DDoS attacks are becoming more challenging than ever before. The attackers are now beefing up DDoS attacks with new attack vectors that include but are not limited to the abuse of Windows RDP and Plex Media servers.
While Ransom-related DDoS (RDoS) remains the front runner, tactics to launch other forms of DDoS attacks with an aim to disrupt services effectively have expanded rapidly. In this attempt, a previously forgotten DDoS attack method—Telephony Denial-of-Service (TDoS)—has emerged from the shadow.
TDoS aiming at emergency services
The FBI has warned that TDoS attacks are aiming at emergency dispatch centers, such as police, fire, or ambulance services.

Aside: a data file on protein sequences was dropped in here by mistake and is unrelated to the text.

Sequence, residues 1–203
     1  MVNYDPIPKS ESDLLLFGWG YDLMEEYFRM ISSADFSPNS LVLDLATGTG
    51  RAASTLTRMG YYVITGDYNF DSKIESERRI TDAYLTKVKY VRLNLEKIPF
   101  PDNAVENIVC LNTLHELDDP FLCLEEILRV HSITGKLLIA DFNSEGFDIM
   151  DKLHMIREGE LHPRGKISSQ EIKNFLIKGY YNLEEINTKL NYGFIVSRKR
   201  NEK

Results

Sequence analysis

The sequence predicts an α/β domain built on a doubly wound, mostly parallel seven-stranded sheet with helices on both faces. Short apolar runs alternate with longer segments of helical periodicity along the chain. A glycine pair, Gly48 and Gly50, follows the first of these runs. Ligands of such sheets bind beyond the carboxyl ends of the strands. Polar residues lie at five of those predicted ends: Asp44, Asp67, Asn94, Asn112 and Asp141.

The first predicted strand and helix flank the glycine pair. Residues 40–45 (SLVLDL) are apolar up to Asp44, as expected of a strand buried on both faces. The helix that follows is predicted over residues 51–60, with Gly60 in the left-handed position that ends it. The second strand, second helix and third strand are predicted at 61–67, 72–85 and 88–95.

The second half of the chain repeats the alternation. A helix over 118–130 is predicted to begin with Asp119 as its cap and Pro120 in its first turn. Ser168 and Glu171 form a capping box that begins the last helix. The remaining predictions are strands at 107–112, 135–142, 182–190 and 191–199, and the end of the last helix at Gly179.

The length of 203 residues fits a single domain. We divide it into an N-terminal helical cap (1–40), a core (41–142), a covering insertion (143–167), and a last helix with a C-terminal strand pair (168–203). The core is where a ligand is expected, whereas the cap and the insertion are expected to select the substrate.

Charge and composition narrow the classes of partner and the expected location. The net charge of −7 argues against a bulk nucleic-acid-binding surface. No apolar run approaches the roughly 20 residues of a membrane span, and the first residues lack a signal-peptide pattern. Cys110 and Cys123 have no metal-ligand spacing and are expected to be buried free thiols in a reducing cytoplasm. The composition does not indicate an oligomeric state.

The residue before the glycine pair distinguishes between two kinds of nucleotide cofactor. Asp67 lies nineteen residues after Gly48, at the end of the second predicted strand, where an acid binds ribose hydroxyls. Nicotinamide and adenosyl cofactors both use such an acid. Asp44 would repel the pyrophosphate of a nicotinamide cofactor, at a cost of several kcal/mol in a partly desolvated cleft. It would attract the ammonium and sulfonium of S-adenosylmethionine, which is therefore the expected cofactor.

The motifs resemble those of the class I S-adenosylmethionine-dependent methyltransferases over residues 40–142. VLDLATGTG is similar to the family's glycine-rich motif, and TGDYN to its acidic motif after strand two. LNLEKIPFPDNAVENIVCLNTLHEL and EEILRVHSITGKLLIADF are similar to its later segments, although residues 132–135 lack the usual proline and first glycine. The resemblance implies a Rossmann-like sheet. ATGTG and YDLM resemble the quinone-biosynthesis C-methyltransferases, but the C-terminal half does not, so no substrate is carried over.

The objective is to keep the distraction calls active for as long as possible, which may delay or block legitimate calls for services.
TDoS attacks can be manual or automated. In the case of manual, adversaries typically leverage social networks, such as Facebook and Twitter, to encourage individuals into a TDoS calling campaign.
An automated TDoS attack, on the other hand, makes use of VoIP software and Session Initiation Protocol (SIP) to make tens or hundreds of calls, simultaneously or in rapid succession.
One weapon, many motives
TDoS attacks can be used for hacktivism, financial gain, or harassment.
Attackers can use the attack method to extort victims for financial benefit.
Malicious actors may also use TDoS attacks to harass call centers and distract operators, regardless of harmful effects.
Just as the saying goes ‘prevention is better than cure’, individuals can/should be prepared for a TDoS attack. Similarly, emergency services must be well-equipped to maintain hassle-free services without any disruption from threat actors.